“Don’t worry about that. That’s just my Madagascan Hissing Cockroaches, seventy-eight of them! I counted this morning. Of course, the numbers change as they breed. Or eat each other.” I’ve been alive a while, I’ve perfected the nervous smile, and I used it then. I’ve used it many times since I moved in with Fabian.

I liked Fabian from the moment I met him; he moved liked an uncoordinated child, jerky, lumbering movements topped with too much curly hair and a shy smile. I thought he was delightful. Then he started to grate a little. Like a vicar’s sermon dragging all topics back to Jesus, Fabian would return all conversation to cockroaches, hissing ones. A few days after I moved in, my aunt died. He explained to me that he knew just how that felt because his favourite roach had hissed its last,

“I knew it was him, because I put a little blob of red paint on his back. It’s obviously just a really bad day for death.” He said.

“Hmm,” I replied.

I’d never met anyone quite like Fabian before. Filth and muddle seemed to spill out from him. Crumbs scattered from his jumper and mud from his boots. I discovered the erratic lurch was because one of his feet was a size 6 the other a size nine, but his problems went way beyond his feet. His mind  was always adrift elsewhere, thinking through facts and figures that he would share with the world just when the time was wrong. Usually when I was trying to concentrate, or when the phone rang.

Once he clomped into our lounge and thumped himself down on the sofa with the elegance of a walrus, not noticing that I was already sitting in that same spot. I yelped; it took a few moments for him to work out he had to move, then he shuffled awkwardly into a chair, huffing, already telling me that Madagascan hissing cockroaches liked to bury their dead, with a little ritual,

“They only eat each other when they need to assert dominance,” he said, “I read that in my new book,” he said, while I rubbed my bruised legs pointedly.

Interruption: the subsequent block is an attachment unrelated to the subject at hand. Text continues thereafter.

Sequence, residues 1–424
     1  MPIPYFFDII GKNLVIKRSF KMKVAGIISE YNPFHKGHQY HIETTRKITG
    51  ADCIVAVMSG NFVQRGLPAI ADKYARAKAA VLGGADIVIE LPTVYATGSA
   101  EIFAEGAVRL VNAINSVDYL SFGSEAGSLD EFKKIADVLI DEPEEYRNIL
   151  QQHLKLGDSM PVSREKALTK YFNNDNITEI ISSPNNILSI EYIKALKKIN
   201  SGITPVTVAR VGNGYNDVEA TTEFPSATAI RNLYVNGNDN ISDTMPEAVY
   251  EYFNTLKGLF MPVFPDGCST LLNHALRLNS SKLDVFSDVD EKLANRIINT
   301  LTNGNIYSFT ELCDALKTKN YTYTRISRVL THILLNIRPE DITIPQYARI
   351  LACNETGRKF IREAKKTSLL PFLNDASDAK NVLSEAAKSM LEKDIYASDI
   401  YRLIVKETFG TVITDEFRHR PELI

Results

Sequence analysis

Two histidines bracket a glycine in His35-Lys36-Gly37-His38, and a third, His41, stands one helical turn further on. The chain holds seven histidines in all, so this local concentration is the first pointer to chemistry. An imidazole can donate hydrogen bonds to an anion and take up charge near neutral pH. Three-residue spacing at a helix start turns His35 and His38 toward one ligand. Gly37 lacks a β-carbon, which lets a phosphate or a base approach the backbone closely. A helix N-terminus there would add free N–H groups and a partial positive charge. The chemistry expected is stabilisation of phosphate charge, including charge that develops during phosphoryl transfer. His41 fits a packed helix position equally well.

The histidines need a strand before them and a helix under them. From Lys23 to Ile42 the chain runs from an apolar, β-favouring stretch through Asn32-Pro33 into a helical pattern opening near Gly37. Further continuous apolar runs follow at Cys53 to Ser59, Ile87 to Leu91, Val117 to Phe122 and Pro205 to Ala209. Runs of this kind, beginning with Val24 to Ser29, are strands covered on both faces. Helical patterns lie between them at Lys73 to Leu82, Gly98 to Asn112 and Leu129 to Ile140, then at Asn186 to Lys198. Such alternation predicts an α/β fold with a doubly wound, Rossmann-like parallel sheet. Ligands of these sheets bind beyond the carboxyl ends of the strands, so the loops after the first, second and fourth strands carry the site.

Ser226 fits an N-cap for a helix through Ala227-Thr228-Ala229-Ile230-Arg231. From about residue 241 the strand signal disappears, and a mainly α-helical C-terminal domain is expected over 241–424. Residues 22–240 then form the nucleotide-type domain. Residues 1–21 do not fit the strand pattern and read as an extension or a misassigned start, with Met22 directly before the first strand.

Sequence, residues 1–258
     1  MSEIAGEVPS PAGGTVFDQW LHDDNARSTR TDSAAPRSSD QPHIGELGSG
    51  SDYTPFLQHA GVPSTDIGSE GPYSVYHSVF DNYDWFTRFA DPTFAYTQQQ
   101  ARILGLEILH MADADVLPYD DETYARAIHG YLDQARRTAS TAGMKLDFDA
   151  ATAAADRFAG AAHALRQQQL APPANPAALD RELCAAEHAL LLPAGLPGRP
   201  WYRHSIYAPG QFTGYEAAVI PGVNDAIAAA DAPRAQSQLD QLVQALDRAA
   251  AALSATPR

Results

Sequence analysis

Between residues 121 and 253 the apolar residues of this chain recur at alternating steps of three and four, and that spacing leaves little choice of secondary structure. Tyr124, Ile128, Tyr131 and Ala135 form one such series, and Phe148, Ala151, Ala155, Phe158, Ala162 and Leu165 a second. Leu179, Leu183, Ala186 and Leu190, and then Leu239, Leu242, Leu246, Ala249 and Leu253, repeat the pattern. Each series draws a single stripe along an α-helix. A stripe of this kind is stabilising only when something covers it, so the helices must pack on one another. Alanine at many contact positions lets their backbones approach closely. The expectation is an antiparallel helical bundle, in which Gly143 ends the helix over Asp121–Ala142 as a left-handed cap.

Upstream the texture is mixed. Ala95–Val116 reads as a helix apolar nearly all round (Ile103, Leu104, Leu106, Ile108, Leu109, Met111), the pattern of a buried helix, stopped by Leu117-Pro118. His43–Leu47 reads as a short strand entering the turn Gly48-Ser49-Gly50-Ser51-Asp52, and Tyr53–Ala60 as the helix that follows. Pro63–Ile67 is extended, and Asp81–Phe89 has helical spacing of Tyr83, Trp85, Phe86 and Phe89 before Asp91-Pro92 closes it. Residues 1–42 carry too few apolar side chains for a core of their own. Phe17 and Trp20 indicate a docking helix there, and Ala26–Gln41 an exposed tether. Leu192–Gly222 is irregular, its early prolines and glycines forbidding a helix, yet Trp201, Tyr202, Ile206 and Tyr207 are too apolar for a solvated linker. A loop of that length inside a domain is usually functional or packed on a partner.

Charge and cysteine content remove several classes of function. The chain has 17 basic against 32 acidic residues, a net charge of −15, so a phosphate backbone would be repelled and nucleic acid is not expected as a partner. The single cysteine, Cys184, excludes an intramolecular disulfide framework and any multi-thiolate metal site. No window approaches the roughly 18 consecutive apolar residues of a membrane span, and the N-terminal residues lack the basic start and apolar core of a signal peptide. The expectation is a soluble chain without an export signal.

But those roaches, I knew they’d be trouble. It was only a few weeks later, I was sitting on my bed, reading, and I heard the distinctive hissing sound. I dropped my phone in panic and ran from the room calling Fabian’s name, pointing wildly to my door.

“Oh you’ve got one have you? Just giving them an airing. It’s important for Madagascan hissing cockroaches to get out and about sometimes.”

Still, I liked my new home, I was settling nicely into my new town. Learning where the best shops were, visiting the local park. And it wasn’t long before I got a job interview to work at the small accountancy firm in town. The interview was going well, I had impressed my potential employer, Gerry, with my knowledge of the company (Googled the night before), and with my friendly professional manner. It was all going well, when I heard, very quietly, that hissing sound. It came from just below my ear, I could feel the faint tickle under my collar. I tried to suppress the look of panic as Gerry looked up from his notes. I smiled politely as if all was normal.

“Now you say you can start anytime, is that right? No notice to work out?”

The tickling had become a scratching as small black legs climbed the few stubbly hairs on my neck, it wasn’t easy to keep my voice level.

“Yes, I could start tomorrow if you wanted,” I was trying to say it with a light chuckle, but it came out a little more like a supressed shriek. Gerry gave a nervous laugh of his own and looked down at his notes, saying,

“Now we’ve got both your references, haven’t-” he looked up as he was speaking and stopped, eyes wide beneath furrowed brow and I knew what was wrong. I could feel it, the sharp scrambling as the Madagascan hissing cockroach clambered out of the neck of my shirt, hissing frantically.

I Want to Introduce You to Victor

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Victor has been in my life now for over twenty years. Most of the time he has that look of quiet, patient dignity, occasionally it changes to a look of suppressed rage or weary indignation. Here he is looking natty and cool in a baseball cap. For twenty years I have kept him hidden away, a secret all mine. Now I think I need to share him with the world, I’m not sure what the world will do with him, but let’s find out.

This is Victor the Head. He will be back soon.